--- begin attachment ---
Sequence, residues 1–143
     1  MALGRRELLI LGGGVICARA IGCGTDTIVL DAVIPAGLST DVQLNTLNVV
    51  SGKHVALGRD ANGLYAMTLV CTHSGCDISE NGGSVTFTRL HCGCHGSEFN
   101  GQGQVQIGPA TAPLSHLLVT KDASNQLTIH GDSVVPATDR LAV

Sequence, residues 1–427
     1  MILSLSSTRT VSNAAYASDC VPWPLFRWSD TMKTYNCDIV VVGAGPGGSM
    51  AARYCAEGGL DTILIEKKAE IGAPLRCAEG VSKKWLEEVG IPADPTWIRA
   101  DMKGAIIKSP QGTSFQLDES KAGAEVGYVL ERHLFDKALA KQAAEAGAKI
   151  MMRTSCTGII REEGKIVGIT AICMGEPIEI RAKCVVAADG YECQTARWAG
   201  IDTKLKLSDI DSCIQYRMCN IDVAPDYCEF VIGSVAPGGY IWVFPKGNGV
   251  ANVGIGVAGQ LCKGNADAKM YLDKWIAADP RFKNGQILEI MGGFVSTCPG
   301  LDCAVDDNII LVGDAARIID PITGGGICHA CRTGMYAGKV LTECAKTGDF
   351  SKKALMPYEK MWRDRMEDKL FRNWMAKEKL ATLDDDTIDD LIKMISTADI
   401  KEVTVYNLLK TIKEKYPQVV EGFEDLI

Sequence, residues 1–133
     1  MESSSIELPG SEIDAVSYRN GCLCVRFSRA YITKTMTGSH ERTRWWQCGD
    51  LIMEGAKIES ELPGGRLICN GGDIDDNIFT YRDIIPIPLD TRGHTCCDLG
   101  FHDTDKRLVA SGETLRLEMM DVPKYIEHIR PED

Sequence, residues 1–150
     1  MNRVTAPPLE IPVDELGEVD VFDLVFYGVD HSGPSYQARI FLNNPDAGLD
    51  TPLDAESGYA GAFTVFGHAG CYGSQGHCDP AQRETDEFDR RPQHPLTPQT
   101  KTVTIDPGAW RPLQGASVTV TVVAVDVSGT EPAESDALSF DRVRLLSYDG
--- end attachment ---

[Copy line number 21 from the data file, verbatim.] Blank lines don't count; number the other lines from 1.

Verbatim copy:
    51  TPLDAESGYA GAFTVFGHAG CYGSQGHCDP AQRETDEFDR RPQHPLTPQT